The life and philosophy, and radical freedom, of Diogenes the Cynic.
Diogenes and other Cynics took the asceticism of Socrates to an extreme. Diogenes lived in a storage jar, begged from statues, and walked backward in the street. He had not lost his mind but was trying to show people up as mindless hypocrites. The Cynics were the ancestors of the Stoics.
Diogenes the Cynic (c. 412–323 BCE) was a contemporary of Plato, who once called him “a Socrates gone mad.”
After being exiled from his native Sinope for having defaced its coinage, Diogenes moved to Athens, took up the life of a beggar, and made it his mission to metaphorically deface the coinage of custom and convention—which, he maintained, was the false currency of morality. This story about defacing coinage may have been no more than a play on words, since, in Greek, the word for “money,” nomisma, sounds like, and is derived from, the word for “custom,” nomos—although it is also the case that archaeologists have unearthed defaced mid-fourth-century coins from Sinope.
Diogenes disdained the need for conventional shelter and other corrupting “dainties” and chose instead to sleep in a storage jar and get by on a diet of chickpeas and lupins. He used to beg for the bare necessities, including from statues—explaining to passers-by that he was thereby practising for rejection. He held that human beings had much to learn from the artlessness of dogs, which, unlike human beings, had not “complicated every simple gift of the gods.” The term “cynic” derives from the Greek for “dog-like,” kynikos.
Diogenes placed nature and reason firmly above custom and convention, which he held to be incompatible with happiness. It is natural for human beings to act in accord with reason, and reason dictates that human beings ought to live in accord with nature. Instead of wasting our substance in the pursuit of wealth or renown, we ought to have the sense and the courage to live like animals or gods, reveling in life’s simplest pleasures, which are also its greatest, without bond or fear. Thus, Diogenes taught that if an act is not shameful in private, it should not be shameful in public, either. Once, upon being challenged for masturbating in the marketplace, he replied, “If only it were so easy to soothe hunger by rubbing an empty belly.”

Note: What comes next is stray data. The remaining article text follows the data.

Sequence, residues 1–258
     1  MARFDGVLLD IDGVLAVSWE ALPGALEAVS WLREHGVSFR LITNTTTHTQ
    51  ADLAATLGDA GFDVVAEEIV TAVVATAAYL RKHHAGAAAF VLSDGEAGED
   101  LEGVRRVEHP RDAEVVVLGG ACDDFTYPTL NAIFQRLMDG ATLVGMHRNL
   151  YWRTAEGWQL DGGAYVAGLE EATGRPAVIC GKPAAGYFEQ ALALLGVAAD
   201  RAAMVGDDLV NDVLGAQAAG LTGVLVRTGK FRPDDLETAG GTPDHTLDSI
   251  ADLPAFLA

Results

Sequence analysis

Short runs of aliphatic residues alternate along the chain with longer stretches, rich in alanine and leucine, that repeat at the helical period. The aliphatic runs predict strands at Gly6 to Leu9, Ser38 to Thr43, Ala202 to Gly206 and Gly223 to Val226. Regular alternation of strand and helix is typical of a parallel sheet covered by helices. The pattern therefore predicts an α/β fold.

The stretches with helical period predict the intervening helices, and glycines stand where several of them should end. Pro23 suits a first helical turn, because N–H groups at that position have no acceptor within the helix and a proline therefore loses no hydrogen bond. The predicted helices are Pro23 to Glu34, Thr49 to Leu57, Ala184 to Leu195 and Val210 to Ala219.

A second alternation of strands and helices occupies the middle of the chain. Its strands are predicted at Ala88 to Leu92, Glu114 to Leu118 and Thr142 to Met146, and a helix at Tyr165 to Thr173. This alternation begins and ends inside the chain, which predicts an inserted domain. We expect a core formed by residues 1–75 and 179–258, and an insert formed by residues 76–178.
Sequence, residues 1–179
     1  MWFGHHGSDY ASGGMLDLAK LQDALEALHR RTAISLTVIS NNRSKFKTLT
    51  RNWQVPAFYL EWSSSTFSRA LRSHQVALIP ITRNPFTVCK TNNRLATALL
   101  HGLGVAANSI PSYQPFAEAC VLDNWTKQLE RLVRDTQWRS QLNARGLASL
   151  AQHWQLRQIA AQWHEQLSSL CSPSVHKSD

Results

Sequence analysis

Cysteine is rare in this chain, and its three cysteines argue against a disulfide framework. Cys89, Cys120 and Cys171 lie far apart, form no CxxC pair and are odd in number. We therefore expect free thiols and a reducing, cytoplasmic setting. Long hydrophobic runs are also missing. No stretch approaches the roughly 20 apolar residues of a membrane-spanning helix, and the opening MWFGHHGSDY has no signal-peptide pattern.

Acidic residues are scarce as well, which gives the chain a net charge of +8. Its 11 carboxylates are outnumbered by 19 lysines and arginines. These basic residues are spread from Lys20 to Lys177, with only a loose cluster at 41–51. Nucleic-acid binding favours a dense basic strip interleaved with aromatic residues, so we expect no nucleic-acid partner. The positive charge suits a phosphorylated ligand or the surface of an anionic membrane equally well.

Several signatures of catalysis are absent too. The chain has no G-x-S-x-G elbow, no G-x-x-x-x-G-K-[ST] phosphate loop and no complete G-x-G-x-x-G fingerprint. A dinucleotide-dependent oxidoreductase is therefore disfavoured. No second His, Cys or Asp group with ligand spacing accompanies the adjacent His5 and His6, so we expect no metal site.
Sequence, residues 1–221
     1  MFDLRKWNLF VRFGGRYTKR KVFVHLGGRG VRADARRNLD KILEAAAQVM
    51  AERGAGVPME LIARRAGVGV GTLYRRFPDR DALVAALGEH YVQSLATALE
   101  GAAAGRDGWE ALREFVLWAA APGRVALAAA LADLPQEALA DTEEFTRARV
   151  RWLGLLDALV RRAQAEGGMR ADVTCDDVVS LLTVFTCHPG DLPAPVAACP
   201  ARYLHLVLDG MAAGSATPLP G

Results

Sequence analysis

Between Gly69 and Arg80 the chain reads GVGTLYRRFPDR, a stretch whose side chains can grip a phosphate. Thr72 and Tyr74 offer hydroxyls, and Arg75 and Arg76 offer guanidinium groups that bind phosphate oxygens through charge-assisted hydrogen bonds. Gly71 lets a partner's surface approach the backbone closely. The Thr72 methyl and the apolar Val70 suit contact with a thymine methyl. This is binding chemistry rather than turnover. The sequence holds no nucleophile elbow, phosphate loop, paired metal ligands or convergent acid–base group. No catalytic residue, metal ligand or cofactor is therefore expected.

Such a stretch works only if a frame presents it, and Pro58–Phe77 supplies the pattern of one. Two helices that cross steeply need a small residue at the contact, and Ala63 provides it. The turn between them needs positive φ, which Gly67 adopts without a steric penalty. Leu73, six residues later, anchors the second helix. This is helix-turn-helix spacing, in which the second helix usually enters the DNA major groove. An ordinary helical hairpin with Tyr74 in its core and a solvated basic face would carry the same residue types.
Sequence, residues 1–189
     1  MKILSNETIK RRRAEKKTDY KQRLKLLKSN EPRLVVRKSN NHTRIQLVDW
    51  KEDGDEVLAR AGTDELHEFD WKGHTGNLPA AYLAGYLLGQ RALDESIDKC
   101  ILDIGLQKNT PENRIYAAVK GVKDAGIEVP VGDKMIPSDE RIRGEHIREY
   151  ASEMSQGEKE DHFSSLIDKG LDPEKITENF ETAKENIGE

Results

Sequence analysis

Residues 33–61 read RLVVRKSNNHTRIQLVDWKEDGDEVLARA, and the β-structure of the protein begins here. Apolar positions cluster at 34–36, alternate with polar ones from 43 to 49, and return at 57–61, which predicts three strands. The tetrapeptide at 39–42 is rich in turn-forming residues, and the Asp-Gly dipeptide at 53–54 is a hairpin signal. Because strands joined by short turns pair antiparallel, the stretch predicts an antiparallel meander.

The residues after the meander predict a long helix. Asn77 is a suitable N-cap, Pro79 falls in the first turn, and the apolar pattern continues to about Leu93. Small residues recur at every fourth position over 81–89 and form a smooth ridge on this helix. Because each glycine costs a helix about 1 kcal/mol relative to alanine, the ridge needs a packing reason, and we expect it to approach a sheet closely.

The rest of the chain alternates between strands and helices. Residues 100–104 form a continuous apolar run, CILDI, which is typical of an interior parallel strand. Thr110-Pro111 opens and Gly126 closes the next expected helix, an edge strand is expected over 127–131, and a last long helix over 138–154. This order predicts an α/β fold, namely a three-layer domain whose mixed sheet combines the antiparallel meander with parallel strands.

Although he privileged reason, Diogenes despised abstract philosophy of the kind practised at Plato’s Academy. When, to great acclaim, Plato defined a human being as “an animal, biped, and featherless,” Diogenes plucked a fowl and brought it to the Academy with the words, “Behold! I have brought you Plato’s man.” Plato consequently refined his definition, adding to it “with broad nails.” One day, Diogenes asked Plato for a handful of figs from his garden. When Plato had a whole bushel sent out, he muttered, “Typical Plato.” Like Socrates, Diogenes favoured living dialogue over the dead word. When a certain Hegesias asked to be lent one of his writing tablets, he replied, “You are a simpleton Hegesias; you do not choose painted figs, but real ones; and yet you pass over the true training and would apply yourself to written rules.”
Diogenes was not easily impressed by his fellow men and women, not even by Alexander the Great, who, according to an apocryphal story, came to visit him one morning while he was basking in the sun. When Alexander asked him whether he might do anything for him, he replied, “Yes, stand out of my sunshine.” To his credit, Alexander still declared, “If I were not Alexander, I should wish to be Diogenes.” The old dog used to stroll around Athens in broad daylight brandishing an ignited lamp. Whenever curious people stopped to ask what he was doing, he would reply, “I am just looking for a human being.” He would also walk backward in the street or walk into the theatre against the flow of people leaving. When a large enough crowd had gathered around to laugh at him, he would turn on his heels and say, “Why do you mock, when you’ve spent your whole life walking backwards? I, at least, am able to turn around.”
After his death in the city of Corinth, the Corinthians honoured him with a pillar surmounted by a dog of Parian marble. The Cynics exerted a strong influence on Zeno of Citium, the founder of Stoicism, who began his career as a Cynic.
Neel Burton is author of Stoic Stories, which is part of the Ancient Wisdom series.